As I may have already mentioned, I hate getting up in the morning. There is a problem I have, in that for a good 2-3 hours immediately after I have woken up, I am a complete idiot. My IQ halves during this time and recovers afterwards. I'm not entirely sure if this is normal. But it doesn't exactly seem right that I go to bed as this:
And wake up as this:
Let me explain. I'll roll out of bed, stumble into the kitchen, more out of a sense that the kitchen is a place to do one of the required activities of the morning than out of hunger. I will get a box of cereal. I will get a bowl. However I won't be able to figure out how the two interact to create breakfast. I'll stare at the two items, trying to fathom what I need to do in order to make them create some breakfast for me. I'll slowly pick up the bowl, and begin to insert it into the top of the cereal box. That is usually when the normal part of my brain kicks in. "Seriously? That's what you think you have to do? You're a fucking idiot. Cereal in bowl, not the other way around." For all the abuse that part of my brain gives me it is definitely required. So I'll stop doing that and pour the cereal into the bowl. I'll then get a bottle of milk. And the whole process starts again.
"Oh so THAT's how it's done."
It isn't just confined to the kitchen, however. My morning-idiocy finds other ways to torment me. I'll step into the shower with my glasses on and wonder why the shower has suddenly gotten so foggy. A few seconds will pass before I realise it was my glasses that had fogged up, not my eyeballs. I sometimes find it impossible to remember if I have already used shampoo on my hair, so I will wash my hair again just to make sure. I also find it hard to focus, sometimes spending 5 minutes staring into space. That's why I need to have a clock or watch close by at all times, to remind me that I have to hurry up and stop day dreaming. I also generally have a terrible sense of time.
"5:05? It was 3 o'clock ten minutes ago! No. No it wasn't."
Despite the fact I need them to see I still manage to forget my glasses when I walk out the door. But I won't remember in a normal way. No. I will find ridiculous ways to realise. Such as walking down the road, looking at a car numberplate and thinking to myself, "why that looks very blurry. I wonder if the writing is deliberately like that. Actually it isn't just the numberplate that is blurry, the whole car is. That's weird. It's almost like I'm not wearing my gla... Shit." Or I will be walking down the road and I will idly scratch my face or fiddle with my headphones. But when I realise that the glasses frame I expected to find there is, in fact, not, instead of thinking, "ah, I've probably left them in the bathroom" or "oh bother, they must still be on the mantelpiece" I think: "they've vanished!" This is where the normal part of my brain kicks in again. "Really? You thought that might be a possibility? You thought they must have disappeared, rather than, say, you left them on a surface somewhere while you were getting ready and forgot to pick them up again? What the hell is wrong with you?"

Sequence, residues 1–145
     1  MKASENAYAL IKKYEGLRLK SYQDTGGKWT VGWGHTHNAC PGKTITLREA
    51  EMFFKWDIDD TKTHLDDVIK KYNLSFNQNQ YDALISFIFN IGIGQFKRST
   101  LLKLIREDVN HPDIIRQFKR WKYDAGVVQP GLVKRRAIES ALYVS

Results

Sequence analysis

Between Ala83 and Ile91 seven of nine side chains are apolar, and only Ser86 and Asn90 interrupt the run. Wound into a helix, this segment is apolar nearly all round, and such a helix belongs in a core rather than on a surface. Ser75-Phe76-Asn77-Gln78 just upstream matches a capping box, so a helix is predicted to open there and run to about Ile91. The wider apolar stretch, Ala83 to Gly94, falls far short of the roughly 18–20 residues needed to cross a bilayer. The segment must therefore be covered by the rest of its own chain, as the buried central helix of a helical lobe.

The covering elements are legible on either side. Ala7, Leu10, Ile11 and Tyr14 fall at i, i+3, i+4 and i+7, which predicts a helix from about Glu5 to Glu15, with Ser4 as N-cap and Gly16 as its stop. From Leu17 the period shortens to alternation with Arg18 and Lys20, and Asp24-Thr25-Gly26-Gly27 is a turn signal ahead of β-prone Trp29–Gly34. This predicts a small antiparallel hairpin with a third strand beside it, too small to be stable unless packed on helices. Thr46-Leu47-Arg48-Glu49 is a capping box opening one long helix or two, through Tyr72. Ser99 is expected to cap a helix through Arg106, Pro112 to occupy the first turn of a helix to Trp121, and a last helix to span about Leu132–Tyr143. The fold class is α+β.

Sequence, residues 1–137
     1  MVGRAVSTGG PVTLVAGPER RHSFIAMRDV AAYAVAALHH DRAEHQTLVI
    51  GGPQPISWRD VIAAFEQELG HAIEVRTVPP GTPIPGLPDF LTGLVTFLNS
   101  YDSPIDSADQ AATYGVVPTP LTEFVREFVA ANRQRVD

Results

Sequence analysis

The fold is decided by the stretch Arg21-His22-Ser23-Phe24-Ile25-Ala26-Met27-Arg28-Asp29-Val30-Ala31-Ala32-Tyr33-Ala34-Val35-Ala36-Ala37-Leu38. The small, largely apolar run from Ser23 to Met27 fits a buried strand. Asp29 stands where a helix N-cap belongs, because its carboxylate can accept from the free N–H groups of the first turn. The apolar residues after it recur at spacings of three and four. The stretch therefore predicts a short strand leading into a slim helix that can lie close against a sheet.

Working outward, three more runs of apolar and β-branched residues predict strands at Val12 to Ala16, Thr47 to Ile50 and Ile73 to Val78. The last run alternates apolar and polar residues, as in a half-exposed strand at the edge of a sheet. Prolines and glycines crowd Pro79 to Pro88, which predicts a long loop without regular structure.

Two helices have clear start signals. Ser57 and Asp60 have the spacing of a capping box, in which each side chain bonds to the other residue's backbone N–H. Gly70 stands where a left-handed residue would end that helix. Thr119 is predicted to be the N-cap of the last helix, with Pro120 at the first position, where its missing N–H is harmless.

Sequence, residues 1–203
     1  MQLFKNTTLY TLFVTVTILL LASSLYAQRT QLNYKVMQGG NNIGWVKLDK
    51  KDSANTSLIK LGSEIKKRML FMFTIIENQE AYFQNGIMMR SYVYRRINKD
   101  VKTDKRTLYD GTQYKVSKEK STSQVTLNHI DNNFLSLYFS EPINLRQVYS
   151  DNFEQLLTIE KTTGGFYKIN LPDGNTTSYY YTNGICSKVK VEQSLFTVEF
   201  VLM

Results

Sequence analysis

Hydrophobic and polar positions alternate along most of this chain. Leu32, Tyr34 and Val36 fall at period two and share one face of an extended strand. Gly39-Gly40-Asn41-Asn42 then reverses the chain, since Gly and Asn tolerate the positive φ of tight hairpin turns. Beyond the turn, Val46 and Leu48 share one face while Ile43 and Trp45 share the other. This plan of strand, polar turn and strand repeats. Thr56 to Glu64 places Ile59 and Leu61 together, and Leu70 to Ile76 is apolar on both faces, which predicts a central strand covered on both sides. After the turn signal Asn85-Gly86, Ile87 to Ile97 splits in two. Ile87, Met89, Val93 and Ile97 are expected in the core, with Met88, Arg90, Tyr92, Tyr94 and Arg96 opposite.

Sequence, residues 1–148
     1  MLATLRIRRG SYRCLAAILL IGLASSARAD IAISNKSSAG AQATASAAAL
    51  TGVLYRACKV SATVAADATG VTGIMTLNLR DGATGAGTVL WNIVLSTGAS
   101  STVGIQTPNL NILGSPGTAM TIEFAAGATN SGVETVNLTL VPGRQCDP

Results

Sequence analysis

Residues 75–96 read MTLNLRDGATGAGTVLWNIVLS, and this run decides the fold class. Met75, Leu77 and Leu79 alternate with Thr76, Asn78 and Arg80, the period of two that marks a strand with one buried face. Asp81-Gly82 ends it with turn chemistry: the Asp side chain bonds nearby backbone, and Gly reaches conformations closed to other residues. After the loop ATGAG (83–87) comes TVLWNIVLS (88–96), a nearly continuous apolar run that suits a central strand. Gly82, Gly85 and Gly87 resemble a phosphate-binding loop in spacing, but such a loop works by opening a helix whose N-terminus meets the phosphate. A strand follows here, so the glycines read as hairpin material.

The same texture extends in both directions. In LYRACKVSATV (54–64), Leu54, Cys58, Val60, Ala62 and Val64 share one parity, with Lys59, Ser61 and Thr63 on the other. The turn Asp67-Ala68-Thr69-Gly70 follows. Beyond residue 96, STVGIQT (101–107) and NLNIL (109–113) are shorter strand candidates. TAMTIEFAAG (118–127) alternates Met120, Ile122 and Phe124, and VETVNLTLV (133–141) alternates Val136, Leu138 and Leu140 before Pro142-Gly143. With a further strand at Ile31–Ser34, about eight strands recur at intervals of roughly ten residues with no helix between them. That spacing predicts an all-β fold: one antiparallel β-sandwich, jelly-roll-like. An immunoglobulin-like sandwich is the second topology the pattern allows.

"To be fair I am going to be very well prepared if my glasses ever do magically disappear from my face."
While I was on my placement year I would start work at 9:00am which meant waking up for around 6:15am - I probably could have woken up later but I have to allow myself some more time to negate the morning-idiocy caused slowdown. If it was a bad day the phone could be ringing before you even opened to door to the office. I hated taking calls while I was still in my coat and invariably the resulting call would play out like an argument between a slightly miffed academic and a half-asleep dullard (which, really, it was). You would have to tell the user to wait while your PC started up, some expressed shock that you didn't get into work at 8:30 like they did. The fact that support hours were clearly stated to be 9 to 5, Monday to Friday was of no consequence to them. We weren't paid overtime either, so if a user called with a problem at 10 to 5 you had to fix it in ten minutes or it would eat into your non-support hours, general maintenance, planning and back up time - 18 minutes. If you spent more than 28 minutes on the problem getting it fixed you were working overtime and not getting paid for it. It was a horrible feeling. Anyway, usually I would have to tell the user I would "look into the problem" and then take an hour or two to collect my thoughts whilst performing other, more simple, job-related tasks. Occasionally we would be asked to work before support hours by a user, this was the worst as it meant I would be even more useless. I think I only had to do it once or twice, we shared it out evenly between the team but it turned out I was the only person reliable enough to actually get there when the user wanted. But after that work we still had to work 9:00 to 5:18. I liked the job but the hours and lack of overtime did start to irritate me towards the end.
So, in conclusion, if you want me to be of any use to you I highly suggest meeting me well after I've woken up. Otherwise it'll be like trying to converse with a terse hammer.